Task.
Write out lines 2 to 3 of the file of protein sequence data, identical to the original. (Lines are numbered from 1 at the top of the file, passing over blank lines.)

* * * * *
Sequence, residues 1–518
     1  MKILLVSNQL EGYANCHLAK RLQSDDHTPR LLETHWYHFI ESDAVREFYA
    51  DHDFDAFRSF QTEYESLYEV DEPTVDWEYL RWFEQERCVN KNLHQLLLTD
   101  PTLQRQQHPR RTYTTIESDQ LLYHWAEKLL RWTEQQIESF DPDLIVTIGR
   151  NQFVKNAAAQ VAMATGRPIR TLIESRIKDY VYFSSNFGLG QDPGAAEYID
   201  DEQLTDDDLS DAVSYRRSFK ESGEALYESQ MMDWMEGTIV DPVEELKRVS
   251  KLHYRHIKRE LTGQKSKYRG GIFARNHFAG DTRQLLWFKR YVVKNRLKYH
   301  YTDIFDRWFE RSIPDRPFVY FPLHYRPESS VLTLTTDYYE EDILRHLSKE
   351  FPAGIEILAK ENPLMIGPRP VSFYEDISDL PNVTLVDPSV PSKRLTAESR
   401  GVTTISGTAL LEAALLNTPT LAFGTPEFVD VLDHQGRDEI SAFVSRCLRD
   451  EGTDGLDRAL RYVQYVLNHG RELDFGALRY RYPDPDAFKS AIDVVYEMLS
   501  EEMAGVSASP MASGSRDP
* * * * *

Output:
     1  MKILLVSNQL EGYANCHLAK RLQSDDHTPR LLETHWYHFI ESDAVREFYA
    51  DHDFDAFRSF QTEYESLYEV DEPTVDWEYL RWFEQERCVN KNLHQLLLTD